Motorists Also Break the Law

RECEIVED Mon., May 19, 2008

Dear Editor,
    Jason Bratcher writes, "[Cyclists] do not adhere to the same traffic laws that motorists adhere to" [“Postmarks,” May 16]. Wow, Mr. Bratcher thinks that all motorists obey the law? Not. Law-breaking motorists are responsible for more than 30,000 collisions per year in the Austin area, and in nearly half of those a vehicle has to be towed away or someone has to be hospitalized. Nationwide, drivers who run red lights injure about a quarter million people and kill nearly a thousand people every year. I've personally been hit on my bicycle five times when motorists broke the law by running stop signs or failing to yield right-of-way. Guess who hit me by pulling into the bike lane without looking? One of the personal injury attorneys on the back of the phone book. In three other cases the motorists compounded their crime by fleeing the scene after they hit me. (Mr. Bratcher, were you unaware that hit-and-run is a form of breaking the law?) In fact, for several years when I tracked the stats I found that half the serious bike-car collisions in Austin were hit-and-runs. So you'll pardon me if I don't get all teary-eyed about motorists seeing cyclists walking stop signs when I know that half those motorists, if they hit me, are quite willing to leave me for dead.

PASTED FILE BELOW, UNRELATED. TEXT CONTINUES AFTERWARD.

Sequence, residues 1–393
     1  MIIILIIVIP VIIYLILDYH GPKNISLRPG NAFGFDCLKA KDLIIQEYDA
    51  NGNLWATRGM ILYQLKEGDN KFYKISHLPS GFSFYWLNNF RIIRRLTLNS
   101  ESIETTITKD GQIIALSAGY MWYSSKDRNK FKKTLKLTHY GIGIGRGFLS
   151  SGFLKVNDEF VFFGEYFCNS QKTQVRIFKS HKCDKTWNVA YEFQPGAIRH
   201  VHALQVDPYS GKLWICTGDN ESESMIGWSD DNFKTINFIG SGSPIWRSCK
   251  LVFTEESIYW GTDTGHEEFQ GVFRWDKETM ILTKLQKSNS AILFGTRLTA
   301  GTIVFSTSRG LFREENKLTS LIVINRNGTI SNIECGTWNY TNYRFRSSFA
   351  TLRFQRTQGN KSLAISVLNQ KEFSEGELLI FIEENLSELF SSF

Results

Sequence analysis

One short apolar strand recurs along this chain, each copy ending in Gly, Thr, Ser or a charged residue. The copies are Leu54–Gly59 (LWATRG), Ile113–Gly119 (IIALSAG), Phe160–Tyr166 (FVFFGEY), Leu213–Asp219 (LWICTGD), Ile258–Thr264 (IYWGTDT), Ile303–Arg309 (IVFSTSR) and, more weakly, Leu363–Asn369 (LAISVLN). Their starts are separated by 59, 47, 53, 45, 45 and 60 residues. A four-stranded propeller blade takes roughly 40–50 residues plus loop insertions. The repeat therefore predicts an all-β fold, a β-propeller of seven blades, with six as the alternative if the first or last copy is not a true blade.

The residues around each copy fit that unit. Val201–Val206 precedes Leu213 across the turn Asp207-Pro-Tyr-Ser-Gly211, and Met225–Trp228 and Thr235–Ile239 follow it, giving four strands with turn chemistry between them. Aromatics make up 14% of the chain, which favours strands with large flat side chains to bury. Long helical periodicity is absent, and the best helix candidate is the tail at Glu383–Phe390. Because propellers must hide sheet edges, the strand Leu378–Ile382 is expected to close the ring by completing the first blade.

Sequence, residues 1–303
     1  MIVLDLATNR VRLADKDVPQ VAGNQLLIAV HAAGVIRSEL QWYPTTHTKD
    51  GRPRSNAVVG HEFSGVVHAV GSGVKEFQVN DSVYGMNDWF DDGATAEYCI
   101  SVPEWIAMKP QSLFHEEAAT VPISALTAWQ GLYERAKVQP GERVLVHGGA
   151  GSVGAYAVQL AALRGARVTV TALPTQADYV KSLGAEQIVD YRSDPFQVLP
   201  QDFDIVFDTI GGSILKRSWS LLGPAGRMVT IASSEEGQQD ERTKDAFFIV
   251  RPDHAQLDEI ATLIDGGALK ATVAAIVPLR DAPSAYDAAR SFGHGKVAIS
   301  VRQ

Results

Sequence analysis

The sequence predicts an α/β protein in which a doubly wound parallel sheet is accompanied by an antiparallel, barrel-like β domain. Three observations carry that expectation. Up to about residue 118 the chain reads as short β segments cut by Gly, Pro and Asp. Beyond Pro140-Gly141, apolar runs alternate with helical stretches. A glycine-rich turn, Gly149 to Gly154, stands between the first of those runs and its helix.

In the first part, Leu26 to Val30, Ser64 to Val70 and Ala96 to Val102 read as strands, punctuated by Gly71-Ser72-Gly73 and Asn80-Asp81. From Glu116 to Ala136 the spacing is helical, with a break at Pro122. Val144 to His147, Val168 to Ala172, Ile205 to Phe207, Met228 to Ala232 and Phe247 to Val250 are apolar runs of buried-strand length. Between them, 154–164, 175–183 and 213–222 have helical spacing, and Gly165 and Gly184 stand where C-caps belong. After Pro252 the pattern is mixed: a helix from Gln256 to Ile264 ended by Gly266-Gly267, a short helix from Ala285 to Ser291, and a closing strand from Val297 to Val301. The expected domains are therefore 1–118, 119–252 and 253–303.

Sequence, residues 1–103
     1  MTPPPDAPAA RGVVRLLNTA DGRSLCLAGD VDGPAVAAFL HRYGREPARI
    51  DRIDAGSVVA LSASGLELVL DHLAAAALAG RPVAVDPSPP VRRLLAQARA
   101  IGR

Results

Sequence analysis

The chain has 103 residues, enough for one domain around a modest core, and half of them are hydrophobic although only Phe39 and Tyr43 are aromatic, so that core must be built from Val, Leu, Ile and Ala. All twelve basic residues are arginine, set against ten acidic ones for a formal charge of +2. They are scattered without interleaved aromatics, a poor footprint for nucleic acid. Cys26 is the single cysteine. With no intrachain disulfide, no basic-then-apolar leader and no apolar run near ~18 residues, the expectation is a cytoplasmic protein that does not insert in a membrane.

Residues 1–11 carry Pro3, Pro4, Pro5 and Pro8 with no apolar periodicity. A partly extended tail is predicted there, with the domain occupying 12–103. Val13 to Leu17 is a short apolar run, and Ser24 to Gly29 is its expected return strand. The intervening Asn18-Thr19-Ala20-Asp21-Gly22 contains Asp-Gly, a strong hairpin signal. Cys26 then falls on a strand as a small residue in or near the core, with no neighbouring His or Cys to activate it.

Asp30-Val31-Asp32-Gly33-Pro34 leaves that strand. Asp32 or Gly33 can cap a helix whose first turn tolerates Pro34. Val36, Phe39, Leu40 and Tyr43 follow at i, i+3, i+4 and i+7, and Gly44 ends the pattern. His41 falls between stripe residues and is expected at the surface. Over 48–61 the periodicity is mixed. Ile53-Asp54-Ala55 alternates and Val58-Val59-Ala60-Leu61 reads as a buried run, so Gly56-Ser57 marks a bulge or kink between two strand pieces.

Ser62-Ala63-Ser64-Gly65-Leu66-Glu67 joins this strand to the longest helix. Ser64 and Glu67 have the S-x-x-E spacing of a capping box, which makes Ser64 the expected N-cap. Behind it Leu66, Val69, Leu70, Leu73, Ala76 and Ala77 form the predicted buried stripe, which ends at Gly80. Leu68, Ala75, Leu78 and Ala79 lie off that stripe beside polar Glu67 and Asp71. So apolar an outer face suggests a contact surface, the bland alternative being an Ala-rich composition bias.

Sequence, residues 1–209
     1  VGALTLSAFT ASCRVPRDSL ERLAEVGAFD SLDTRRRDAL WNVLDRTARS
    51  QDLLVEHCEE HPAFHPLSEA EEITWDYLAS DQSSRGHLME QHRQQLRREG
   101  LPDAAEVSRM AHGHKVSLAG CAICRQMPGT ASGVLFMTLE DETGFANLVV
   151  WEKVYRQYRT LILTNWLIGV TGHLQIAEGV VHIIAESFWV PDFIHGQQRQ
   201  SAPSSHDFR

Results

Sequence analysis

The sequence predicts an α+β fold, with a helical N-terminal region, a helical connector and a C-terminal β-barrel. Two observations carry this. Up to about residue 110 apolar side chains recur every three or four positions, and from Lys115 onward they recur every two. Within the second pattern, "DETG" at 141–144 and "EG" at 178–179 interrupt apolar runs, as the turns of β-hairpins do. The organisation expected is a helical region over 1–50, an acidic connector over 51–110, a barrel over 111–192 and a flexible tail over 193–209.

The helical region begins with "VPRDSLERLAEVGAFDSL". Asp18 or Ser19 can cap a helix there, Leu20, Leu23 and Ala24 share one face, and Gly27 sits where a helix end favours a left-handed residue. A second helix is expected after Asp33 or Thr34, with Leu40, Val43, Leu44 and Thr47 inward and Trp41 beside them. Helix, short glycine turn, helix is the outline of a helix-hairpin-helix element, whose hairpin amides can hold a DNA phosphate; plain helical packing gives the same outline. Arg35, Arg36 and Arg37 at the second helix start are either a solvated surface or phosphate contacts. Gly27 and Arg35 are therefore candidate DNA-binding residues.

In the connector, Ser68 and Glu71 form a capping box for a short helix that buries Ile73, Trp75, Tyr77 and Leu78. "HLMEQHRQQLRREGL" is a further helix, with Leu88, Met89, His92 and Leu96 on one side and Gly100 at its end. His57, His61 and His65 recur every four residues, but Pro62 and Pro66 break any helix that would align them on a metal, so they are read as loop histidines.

What is it that compels drivers to fire off so many letters about law-breaking bicyclists when the real carnage is caused by motorists? And what blinds them to the reality that (news flash) motorists break the law too? The reality is that both bicyclists and motorists break the law. The difference is that when motorists do it, someone other than the law-breaker frequently gets hurt or killed.
Michael Bluejay
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